A powerful new technique for generating “supercharged” genetically modified organisms that can spread rapidly in the wild has caused alarm among scientists who fear that it may be misused, accidentally or deliberately, and cause a health emergency or environmental disaster.
The development of so-called “gene drive” technology promises to revolutionise medicine and agriculture because it can in theory stop the spread of mosquito-borne illnesses, such as malaria and yellow fever, as well as eliminate crop pests and invasive species such as rats and cane toads.
However, scientists at the forefront of the development believe that in the wrong hands gene-drive technology poses a serious threat to the environment and human health if accidentally or deliberately released from a laboratory without adequate safeguards. Some believe it could even be used as a terrorist bio-weapon directed against people or livestock because gene drives – which enable GM genes to spread rapidly like a viral infection within a population – will eventually be easy and cheap to generate.
“Just as gene drives can make mosquitoes unfit for hosting and spreading the malaria parasite, they could conceivably be designed with gene drives carrying cargo for delivering lethal bacterial toxins to humans,” said David Gurwitz, a geneticist at Tel Aviv University in Israel.
A group of senior geneticists have called for international safeguards to apply to researchers who want to develop gene drives, with strict security measures placed on laboratories to prevent the accidental escape of “supercharged” GM organisms that are able to spread rapidly in the wild.
Last week the US National Academy of Sciences initiated a wide-ranging review of gene-drive technology in “non-human organisms” and in this week’s journal Science a group of 27 leading geneticists call on the scientific community to be open and transparent about both the risks and benefits of gene drives.
“They have tremendous potential to address global problems in health, agriculture and conservation but their capacity to alter wild populations outside the laboratory demands caution,” the scientists say.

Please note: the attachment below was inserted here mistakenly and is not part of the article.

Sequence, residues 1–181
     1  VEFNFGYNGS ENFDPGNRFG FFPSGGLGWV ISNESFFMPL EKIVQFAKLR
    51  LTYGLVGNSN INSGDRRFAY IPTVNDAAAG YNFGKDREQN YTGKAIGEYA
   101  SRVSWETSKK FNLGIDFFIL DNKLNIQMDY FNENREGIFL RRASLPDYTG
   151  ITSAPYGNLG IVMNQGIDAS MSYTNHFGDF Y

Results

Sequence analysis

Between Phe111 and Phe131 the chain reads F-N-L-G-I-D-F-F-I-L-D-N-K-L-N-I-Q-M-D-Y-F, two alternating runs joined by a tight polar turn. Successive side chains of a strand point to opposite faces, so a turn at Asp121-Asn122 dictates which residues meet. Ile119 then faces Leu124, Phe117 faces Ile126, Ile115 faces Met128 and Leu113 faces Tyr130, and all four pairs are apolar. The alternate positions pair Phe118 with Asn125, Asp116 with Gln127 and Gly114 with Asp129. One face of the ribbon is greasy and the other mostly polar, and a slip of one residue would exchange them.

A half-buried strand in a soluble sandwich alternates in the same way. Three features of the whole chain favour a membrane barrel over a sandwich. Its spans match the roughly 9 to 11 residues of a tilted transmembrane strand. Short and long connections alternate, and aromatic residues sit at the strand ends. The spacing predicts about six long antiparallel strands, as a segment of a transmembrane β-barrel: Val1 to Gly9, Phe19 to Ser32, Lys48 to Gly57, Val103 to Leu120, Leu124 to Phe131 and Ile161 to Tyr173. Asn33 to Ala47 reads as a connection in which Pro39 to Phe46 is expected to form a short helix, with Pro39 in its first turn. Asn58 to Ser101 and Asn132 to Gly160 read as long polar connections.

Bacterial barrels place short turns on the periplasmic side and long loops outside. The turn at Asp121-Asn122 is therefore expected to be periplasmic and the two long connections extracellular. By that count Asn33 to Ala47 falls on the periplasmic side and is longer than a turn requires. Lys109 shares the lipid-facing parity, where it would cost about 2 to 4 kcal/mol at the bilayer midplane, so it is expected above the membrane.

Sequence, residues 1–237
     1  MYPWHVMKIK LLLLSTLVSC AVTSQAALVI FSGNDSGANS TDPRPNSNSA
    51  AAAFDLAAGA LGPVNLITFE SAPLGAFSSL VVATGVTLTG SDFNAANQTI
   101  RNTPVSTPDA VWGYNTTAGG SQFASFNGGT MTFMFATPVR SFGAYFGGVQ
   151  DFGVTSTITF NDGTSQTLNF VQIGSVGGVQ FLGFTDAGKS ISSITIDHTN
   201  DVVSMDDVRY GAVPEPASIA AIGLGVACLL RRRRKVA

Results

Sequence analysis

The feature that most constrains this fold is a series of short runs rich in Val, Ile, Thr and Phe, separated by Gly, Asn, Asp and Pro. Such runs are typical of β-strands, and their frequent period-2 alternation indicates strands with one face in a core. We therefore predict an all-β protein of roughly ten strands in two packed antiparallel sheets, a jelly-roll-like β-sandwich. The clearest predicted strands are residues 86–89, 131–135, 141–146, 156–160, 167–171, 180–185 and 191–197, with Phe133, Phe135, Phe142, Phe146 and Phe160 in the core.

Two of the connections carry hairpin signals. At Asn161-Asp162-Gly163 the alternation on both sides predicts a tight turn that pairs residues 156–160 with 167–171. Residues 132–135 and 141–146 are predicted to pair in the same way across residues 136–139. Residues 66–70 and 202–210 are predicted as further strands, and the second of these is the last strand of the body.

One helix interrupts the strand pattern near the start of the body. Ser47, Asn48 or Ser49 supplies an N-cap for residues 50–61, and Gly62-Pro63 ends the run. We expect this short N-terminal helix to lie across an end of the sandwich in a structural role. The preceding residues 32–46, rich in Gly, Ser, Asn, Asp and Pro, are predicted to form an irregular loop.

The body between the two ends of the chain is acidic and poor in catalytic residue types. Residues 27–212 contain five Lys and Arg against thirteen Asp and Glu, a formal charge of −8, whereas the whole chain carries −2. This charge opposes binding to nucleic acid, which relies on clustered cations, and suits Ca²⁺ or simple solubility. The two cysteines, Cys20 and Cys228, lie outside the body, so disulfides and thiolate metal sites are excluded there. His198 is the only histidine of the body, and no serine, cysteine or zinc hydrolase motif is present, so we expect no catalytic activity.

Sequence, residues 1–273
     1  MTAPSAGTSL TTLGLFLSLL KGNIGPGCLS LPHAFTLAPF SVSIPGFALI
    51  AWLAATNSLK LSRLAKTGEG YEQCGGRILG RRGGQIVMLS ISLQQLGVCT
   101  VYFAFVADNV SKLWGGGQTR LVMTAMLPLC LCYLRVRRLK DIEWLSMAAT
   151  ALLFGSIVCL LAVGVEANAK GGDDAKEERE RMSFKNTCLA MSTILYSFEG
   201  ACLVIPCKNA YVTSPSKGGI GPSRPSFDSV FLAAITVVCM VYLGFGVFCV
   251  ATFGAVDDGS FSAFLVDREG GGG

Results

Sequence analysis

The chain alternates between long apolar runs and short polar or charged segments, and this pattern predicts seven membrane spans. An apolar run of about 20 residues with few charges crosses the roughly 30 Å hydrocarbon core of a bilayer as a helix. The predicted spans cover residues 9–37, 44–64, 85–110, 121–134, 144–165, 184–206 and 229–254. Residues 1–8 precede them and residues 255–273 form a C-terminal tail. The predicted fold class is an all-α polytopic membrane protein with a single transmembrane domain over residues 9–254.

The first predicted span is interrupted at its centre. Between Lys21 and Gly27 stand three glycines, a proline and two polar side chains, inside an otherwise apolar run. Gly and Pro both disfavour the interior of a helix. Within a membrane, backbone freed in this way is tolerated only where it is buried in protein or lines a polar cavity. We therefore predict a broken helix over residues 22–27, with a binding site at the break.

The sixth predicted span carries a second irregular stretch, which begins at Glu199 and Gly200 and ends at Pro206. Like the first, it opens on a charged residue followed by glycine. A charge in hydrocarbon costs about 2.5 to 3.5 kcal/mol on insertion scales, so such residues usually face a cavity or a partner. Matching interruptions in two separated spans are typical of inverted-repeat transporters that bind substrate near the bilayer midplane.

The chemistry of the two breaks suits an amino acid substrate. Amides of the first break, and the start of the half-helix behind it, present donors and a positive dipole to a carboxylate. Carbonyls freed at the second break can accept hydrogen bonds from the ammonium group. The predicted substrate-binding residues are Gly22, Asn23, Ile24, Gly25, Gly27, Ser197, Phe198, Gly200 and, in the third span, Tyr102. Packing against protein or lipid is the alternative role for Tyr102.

The researchers have drawn up a minimum set of safety rules to protect against laboratory escapes and have called for a public debate on the potential benefits as well as risks of a technology that allows geneticists to rapidly accelerate the inheritance of GM traits throughout an animal population within just a few generations.
Researchers have likened gene-drive technology to a nuclear chain reaction because it allows GM genes to be amplified within a breeding population of insects or other animals without any further intervention once the trait has been initially introduced. This is the case even if the trait is non-beneficial to the organism.
Laboratory experiments on fruit flies have shown that a modified gene introduced into one individual fly can take just a few generations to “infect” practically every other fly in the breeding population, in defiance of the normal rules of genetics which dictate a far slower spread.
Kevin Esvelt, a gene-drive expert at the Wyss Institute at Harvard Medical School in Boston, said the technology was developed theoretically about 10 years ago but it has only been made possible in the lab in the past two years with the discovery of the sophisticated gene-editing tool Crispr/Cas9.
Dr Esvelt explained that gene drives relied on a “cassette” of genetic elements that allowed a genetically modified gene to jump from one chromosome to another within the same individual so that eventually all of the sperm or eggs of the animal carried the GM trait, rather than half. This means that virtually none of the offspring is eventually free of an introduced GM trait.
Gene drives could benefit human health by altering insect populations that spread human diseases, such as mosquitoes that transmit malaria, dengue, chikungunya and Lyme disease, so that they were no longer a threat, he said.
They could also be used to reverse the mutations that make crop pests resistant to agricultural pesticides, or they might be used to spread genetic traits within a populations of an invasive species to help kill it off, such as making the skin of cane toads introduced into Australia non-toxic to indigenous predators.
“If we’re right about this, it’s a powerful advance that could make the world a much better place, but only if we use it wisely,” Dr Esvelt said.
However, some scientists fear that the ease with which gene drives can be generated will make them a target for any malign individual or organisation with access to modern laboratory equipment.
Dr Gurwitz said the precise instructions for making gene drives should be classified, just like the technology for making nuclear weapons. However, Dr Esvelt and the other 26 scientists who have written to Science disagreed, arguing that complete openness and transparency was the best defence against the use of gene drives as a bio-weapon because classifying the information would be technically ineffective and politically counterproductive.
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